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Wonderboy described how late in January 2018 he was told that both Zuma’s and Ramaphosa’s offices would be working jointly on the state of the nation address primarily because there were effectively two presidents, one of the state and the other of the governing party. I suspect that by then the presidency was unsure which of the two would deliver the address as talks to have Zuma resign from office were already at an advanced stage. Wonderboy went on to say that in the three years he had worked for the presidency, he had never been involved in assisting President Zuma’s office draft the state of the nation speech.

“Together with the political adviser Steyn Speed and Busani [Ngcaweni, who now heads the policy unit in the presidency], we began exploring ideas. Departments submit volumes of their achievements, and we agreed we should try to give the nation more than just government’s scorecard of the previous year,” Wonderboy’s written account reads. He said his instinct suggested that he should dig up more on Hugh Masekela to find new imagery and fresh metaphors for the address as the jazz legend had just died that January. “I heard Thuma mina a long time ago on TV, but I couldn’t remember it. I listened to all of his songs and I was losing hope until I found the song,” Wonderboy recalled.

By the time he was done with his first draft, he had no idea that late on Valentine’s Day Zuma would utter the words “I have therefore come to the decision to resign as president of the Republic with immediate effect”. So he penned the speech for Zuma. “As I was looking for a theme, I knew it had to be something special given the many recent challenges that his presidency had faced.” Wonderboy rightly observed that people don’t generally remember the whole state of the nation address but are generally left with just one memorable line. President Thabo Mbeki excelled in doing so, not only in his Sonas, but in many of his speeches. There’s normally one central idea that lingers on. Think about “all hands on deck”, “business unusual”, “I am an African”.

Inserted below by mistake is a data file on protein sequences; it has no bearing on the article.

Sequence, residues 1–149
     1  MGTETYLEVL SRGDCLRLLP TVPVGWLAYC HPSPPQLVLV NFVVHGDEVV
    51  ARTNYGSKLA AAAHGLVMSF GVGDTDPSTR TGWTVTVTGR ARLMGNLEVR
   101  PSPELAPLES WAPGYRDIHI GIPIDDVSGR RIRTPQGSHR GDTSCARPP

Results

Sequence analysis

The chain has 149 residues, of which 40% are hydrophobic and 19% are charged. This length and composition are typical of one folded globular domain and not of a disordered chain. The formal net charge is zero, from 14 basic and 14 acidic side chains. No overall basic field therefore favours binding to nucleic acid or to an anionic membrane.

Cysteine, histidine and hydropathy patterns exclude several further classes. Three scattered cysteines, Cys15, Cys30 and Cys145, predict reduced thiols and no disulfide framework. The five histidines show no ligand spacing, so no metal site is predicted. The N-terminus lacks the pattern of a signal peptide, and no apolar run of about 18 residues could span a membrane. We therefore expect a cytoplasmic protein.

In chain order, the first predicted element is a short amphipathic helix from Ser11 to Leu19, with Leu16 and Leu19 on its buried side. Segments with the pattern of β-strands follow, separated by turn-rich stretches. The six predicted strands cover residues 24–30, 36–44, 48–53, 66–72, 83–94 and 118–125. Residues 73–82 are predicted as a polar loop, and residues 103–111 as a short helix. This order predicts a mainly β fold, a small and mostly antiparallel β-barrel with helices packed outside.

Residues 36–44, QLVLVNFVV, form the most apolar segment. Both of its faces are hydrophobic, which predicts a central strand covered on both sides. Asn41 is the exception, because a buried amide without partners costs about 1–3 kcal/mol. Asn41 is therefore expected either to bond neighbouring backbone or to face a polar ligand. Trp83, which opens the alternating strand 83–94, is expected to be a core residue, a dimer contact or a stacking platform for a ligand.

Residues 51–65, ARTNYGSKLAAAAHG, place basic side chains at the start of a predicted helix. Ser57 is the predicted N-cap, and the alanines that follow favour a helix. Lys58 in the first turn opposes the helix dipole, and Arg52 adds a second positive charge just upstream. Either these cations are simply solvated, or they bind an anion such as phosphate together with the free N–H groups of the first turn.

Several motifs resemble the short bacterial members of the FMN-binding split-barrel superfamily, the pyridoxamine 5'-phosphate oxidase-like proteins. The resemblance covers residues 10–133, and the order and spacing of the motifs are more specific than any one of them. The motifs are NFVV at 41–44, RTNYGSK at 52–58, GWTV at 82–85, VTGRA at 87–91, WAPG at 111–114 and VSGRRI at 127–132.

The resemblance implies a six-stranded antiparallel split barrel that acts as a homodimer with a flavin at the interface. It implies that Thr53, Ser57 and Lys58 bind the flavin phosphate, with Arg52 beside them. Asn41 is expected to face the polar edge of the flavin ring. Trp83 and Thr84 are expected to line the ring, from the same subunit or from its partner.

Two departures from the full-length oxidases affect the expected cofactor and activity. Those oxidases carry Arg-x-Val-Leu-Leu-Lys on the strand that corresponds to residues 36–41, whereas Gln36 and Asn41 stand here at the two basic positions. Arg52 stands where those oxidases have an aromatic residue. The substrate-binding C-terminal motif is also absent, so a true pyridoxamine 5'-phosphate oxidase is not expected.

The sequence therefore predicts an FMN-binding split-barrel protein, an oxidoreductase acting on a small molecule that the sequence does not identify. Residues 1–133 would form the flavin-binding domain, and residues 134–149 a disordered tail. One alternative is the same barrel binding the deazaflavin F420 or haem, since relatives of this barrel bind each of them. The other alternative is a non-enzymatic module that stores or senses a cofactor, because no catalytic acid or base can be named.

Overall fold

Wonderboy trawled through old Mbeki speeches and even Madiba’s memorable ones. He read and read. “I wanted some gold for Msholozi [Zuma]; something truly extraordinary and transcendental. As a human being, he had gone through a lot of pain, had been humiliated, and each day there were concerted attempts to ridicule him and question his legitimacy as the president,” he wrote, again thinking he was drafting a speech for Zuma.

It was Madiba’s 1996 state of the nation address with the idea of “new patriotism” that caught Wonderboy’s eye. He believed if Zuma quoted it, people would pay attention. “Sometime, far back, I had seen on TV Hugh Masekela singing Thuma mina and it left an impression. But strange enough, I struggled in my mind to recollect which of the Masekela hits had left this indelible mark. I knew it was not, for instance, Stimela or African Secret Society I was looking for. So, a long, demanding research process began. After nearly giving up, there came the title Thuma mina on my laptop … It immediately grabbed my attention. I downloaded the lyrics. I was nearly in tears to see how those words captured the burning issues of our time, and how this was closer to Madiba’s ‘new patriotism’ or ‘masakhane’.” So enchanted was he by the lyrics of Masekela that he sat in his office and downloaded the song, listening to it on repeat.